A never-say-die finish by Bunbury’s Rio-bound Ryan Bailie has sealed Australia a stirring silver medal with one of the greatest comebacks in the history of the ITU World Mixed Teams Relay Championship behind the USA in Hamburg today.
While the Gwen Jorgensen led Americans were deserved gold medallists, the fighting Australians and their “never ever give up” attitude was the talk of the town as 100,000 people lined the streets to cheer them home.
Bailie, the best anchorman in the business, produced the race of his life to keep Germany’s local hero Gregor Buchholz at bay in a neck-and-neck sprint to the finish for the minor medals.
The Australians were almost certainly out of contention over the (4x 300m swim; 6.6km bike; 1.6km run) course after former Under 23 world champion Charlotte McShane led off and struggled to get herself out of the swim-bike transition.
“I thought I had really let the team down today; I struggled in that first transition and lost the group,” McShane said.
“You know it is different in a team event; you’ve got your team mates and they are going after you and you don’t want to let others get a head start.
“But I’m glad we have such a really strong team and they were able to pull back.”
The Aussies languished in 13th place at one stage before McShane, fighting hard on the bike and run, handed over to yesterday's in-form individual silver medallist Jake Birtwhistle.
The long striding Tasmanian produced easily the fastest 1.6km run leg of the day to put Australia into seventh and in with a shot with London Olympian Emma Jackson maintaining the rage to give Bailie a medal chance in the top six.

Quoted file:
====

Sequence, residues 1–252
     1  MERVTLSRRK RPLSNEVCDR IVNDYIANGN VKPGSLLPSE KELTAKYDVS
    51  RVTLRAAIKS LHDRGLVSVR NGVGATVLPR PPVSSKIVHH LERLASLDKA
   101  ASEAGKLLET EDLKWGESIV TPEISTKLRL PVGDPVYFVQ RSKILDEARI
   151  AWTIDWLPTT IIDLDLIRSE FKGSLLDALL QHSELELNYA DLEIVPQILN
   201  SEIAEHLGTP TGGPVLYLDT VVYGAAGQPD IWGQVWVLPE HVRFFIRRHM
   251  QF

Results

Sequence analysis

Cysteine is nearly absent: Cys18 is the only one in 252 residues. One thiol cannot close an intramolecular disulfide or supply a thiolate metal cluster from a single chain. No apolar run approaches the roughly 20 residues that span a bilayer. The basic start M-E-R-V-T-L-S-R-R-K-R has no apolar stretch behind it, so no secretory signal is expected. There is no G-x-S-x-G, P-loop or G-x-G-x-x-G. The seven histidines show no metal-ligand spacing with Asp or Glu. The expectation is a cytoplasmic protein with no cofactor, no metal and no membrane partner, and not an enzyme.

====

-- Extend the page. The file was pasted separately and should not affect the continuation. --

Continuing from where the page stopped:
“Over the short distances it’s red hot the whole way; there’s not much you can do; you’ve just got to try and hold on,” said Birtwhistle.
Bailie kept his cool on the bike and produced an amazing final run leg to nail the finish and give the Australians their second silver medal in two years behind the USA in the event which saw them take bronze in the 2014 Commonwealth Games and an event that is on the cards to make its Olympic debut in Tokyo in 2020.
"It's not over till it's over," said Bailie after the race, '"we're just so proud to wear the green and gold,” with Jackson saying: “Australians love the relay…we love the opportunity to compete as a team and to come away with the silver two years in a row is amazing.”
Triathlon Australia’s Performance Director Bernard Savage admitted he thought Australia had the team to win.
“I have to say I am disappointed we didn’t win because I knew we had the team that could win but in saying that I am so proud of the way each and every one of them fought and their never, ever give in attitude,” said Savage, who also had praise for Bailie and Birtwhistle’s coach Jamie Turner.
“He has been working with NSWIS sprint coach Paul Hallam on the ‘Blue Carpet Project’ – to get his athletes ready to fight and sprint when the going gets tough over that final 100 metres on the blue carpet,” said Savage.
“And that’s what it came down to today with Ryan and the way he timed his finish to perfection – he is as cool and calm as they come and today was a steely performance from Bailie if ever there was one.”
Bailie and Jackson are the only survivors of the Australian teams of 2014 and 2015 in an event Savage said was “an absolute must for inclusion in the 2020 Olympics in Tokyo – it’s one of the most exciting formats in sport.”
Photo's: International Triathlon Union | Janos Schmidt